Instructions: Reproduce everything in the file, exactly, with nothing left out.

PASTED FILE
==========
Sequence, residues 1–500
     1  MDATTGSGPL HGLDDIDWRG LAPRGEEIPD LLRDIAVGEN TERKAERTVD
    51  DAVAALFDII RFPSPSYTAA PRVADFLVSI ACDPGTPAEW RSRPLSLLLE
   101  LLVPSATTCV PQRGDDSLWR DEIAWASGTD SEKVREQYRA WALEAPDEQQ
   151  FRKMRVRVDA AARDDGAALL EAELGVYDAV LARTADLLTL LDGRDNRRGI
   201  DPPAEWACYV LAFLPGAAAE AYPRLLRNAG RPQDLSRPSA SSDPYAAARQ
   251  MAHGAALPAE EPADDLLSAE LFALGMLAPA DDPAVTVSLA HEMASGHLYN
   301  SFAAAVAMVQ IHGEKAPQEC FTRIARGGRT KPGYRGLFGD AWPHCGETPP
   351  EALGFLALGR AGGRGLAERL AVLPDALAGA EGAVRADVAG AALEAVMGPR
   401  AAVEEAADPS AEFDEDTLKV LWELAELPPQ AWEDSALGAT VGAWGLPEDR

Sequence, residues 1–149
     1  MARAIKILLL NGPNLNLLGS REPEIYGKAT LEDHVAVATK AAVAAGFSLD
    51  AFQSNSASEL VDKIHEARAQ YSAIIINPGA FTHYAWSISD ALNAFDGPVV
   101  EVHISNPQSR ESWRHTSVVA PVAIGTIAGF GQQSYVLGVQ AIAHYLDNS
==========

Sequence, residues 1–500
     1  MDATTGSGPL HGLDDIDWRG LAPRGEEIPD LLRDIAVGEN TERKAERTVD
    51  DAVAALFDII RFPSPSYTAA PRVADFLVSI ACDPGTPAEW RSRPLSLLLE
   101  LLVPSATTCV PQRGDDSLWR DEIAWASGTD SEKVREQYRA WALEAPDEQQ
   151  FRKMRVRVDA AARDDGAALL EAELGVYDAV LARTADLLTL LDGRDNRRGI
   201  DPPAEWACYV LAFLPGAAAE AYPRLLRNAG RPQDLSRPSA SSDPYAAARQ
   251  MAHGAALPAE EPADDLLSAE LFALGMLAPA DDPAVTVSLA HEMASGHLYN
   301  SFAAAVAMVQ IHGEKAPQEC FTRIARGGRT KPGYRGLFGD AWPHCGETPP
   351  EALGFLALGR AGGRGLAERL AVLPDALAGA EGAVRADVAG AALEAVMGPR
   401  AAVEEAADPS AEFDEDTLKV LWELAELPPQ AWEDSALGAT VGAWGLPEDR

Sequence, residues 1–149
     1  MARAIKILLL NGPNLNLLGS REPEIYGKAT LEDHVAVATK AAVAAGFSLD
    51  AFQSNSASEL VDKIHEARAQ YSAIIINPGA FTHYAWSISD ALNAFDGPVV
   101  EVHISNPQSR ESWRHTSVVA PVAIGTIAGF GQQSYVLGVQ AIAHYLDNS